Teaching Incarcerated Individuals Serving Long Sentences


I'd like to welcome to our discusion about teaching incarcerated individuals with long sentences. Through this discusion, I hope you discover instructional practices for individuals serving long sentences. Led by guest experts Dr. Kathryn Whiteley and Dr. Karen Oliver-Rider, the outcome of the two day discussion help providers increase student outcomes.   

Bio of Dr. Kathryn Whiteley: As an Australian who now lives in the United States and works as a college professor, Dr. Whiteley has had the opportunity over the last 15 years to personally meet and interview many women serving life to life without parole (LWOP) sentences from around the world. Her passion and personal goal is to work along side these women succeeds beyond academia and share their life pathways from childhood to incarceration, through their personal narrative lens. Her research lends itself to provide incarcerated individuals with a platform for a "voice," in order for them to share some insight as to their "personal challenges and complexities," and help educators and stakeholders understand the various needs of this population. 

Bio of Dr. Karen Oliver-Rider: Dr. Karen Oliver-Rider began her career in the hospitality trade. She assisted running the family bed and breakfast for several years.  Dr. Rider went on to teach art for 13 years at the elementary level.  While teaching she completed her master’s degree, and went on to receive her principal certification.  Five years ago, Dr. Rider became the principal at a female correctional institution in the state of Pennsylvania.  She completed her Ed.D. with Immaculata University.  Dr. Rider’s dissertation, “Teacher Perceptions of Trauma Informed Practices in the Female Correctional Education Setting” focused her belief as to how educators should promote academic gains with this underserved population.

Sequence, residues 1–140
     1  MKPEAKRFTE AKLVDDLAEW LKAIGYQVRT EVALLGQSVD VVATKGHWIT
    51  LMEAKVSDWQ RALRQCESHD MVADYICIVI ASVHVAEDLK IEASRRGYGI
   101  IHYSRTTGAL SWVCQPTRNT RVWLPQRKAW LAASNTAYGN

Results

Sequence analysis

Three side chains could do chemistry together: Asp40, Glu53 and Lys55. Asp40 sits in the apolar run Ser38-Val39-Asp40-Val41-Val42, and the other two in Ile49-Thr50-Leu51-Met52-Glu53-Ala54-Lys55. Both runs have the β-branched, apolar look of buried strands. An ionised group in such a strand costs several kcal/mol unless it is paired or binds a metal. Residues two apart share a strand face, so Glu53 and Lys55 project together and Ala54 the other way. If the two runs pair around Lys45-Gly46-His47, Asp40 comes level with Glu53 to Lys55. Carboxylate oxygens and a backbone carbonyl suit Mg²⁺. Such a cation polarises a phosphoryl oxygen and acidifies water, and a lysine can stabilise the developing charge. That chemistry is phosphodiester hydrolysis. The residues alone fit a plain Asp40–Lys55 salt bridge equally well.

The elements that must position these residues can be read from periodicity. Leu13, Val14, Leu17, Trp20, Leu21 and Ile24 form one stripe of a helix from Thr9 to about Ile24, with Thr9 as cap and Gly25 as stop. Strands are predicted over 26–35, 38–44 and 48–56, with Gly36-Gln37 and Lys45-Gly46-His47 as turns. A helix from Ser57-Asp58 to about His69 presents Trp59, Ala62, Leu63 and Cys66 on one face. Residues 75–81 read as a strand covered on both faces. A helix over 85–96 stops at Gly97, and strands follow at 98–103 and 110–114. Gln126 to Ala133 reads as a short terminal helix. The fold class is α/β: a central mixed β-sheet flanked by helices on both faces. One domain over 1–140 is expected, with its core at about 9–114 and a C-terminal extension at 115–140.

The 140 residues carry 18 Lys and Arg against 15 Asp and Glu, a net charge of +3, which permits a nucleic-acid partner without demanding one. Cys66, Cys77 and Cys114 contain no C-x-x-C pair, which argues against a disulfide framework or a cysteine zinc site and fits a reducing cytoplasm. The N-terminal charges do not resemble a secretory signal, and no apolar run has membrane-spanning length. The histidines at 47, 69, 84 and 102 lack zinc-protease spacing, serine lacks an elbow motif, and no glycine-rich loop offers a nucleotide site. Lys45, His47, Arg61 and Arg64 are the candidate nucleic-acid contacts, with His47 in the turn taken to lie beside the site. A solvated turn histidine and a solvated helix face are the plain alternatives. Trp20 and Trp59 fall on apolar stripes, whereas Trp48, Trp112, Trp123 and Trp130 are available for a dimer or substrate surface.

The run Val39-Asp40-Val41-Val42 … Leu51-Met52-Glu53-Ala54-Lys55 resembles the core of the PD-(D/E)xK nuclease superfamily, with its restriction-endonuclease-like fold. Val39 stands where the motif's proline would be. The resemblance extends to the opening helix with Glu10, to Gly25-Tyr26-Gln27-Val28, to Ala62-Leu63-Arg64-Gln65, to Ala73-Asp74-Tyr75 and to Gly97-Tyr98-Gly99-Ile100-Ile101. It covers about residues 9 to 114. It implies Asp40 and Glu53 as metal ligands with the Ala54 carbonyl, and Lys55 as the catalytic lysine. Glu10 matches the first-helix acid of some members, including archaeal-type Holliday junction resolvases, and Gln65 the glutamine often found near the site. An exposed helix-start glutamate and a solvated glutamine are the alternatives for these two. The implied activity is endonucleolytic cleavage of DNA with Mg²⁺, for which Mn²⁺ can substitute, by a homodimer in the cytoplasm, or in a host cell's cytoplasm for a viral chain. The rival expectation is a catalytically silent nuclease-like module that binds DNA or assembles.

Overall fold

Join our discussion, ask our experts questions, and share your ideas and strategies. 

Karen, Kathy, and Kate


Good morning, 

Thank you for joining us today. To get started, I'd like to ask our experts about the educational needs of our learners. Specifically, how do the instructional needs of incarcerated individuals, serving long to life, and life without parole (LWOP) sentences in state correctional facilities, differ than those of individuals with short term sentences?


Specific to the overall context of providing educational opportunities to incarcerated women, as educators and or researchers, fundamentally, we should acknowledge that there is at least a four-tier assembly (FTA), ranging from short term, long term, life and life without parole (LWOP). Understanding, what and how intellectual knowledge should be invested through time and resources for education, “innovative” vocational and behavioral programs. As understood, sentencing guidelines can differ from state to state when discussing long to life (with possibility of parole), and life without parole means exactly that. Therefore, considering the emphasis in today’s discussion is on the later three, I share the following insight, having spent over 15 years personally meeting with women from around the United States and overseas serving long, life to life without parole sentences.

We understand that women serving lengthy sentences for violent crimes (especially murder), have significantly higher rates of victimizations to include physical and sexual abuse, mental illness, and substance use disorders. They arguably have higher rates of risk factors then non-violent offending peers. Traumas can linger and the incarceration experience itself can further traumatize (Lempert, 2016). These experiences must be addressed early within the incarceration to aid subsequent educational efforts.

Women serving lengthy sentences express the desire not to be forgotten or treated differently than their peers serving lesser sentences when opportunities arise for educational and vocational classes. Specifically, many of the women lifers contend, those with lesser sentences receive priority regarding educational opportunities (Dye & Aday, 2019).

Defining differing instructional needs for long termers can be challenging. Women who serve lengthy sentences, all are individually unique and bring with them the impact of their personal traumas, as well as low self-esteem, loss of family and social structure, stigma attached to their violent offending and lower socioeconomic levels (Whiteley, 2018).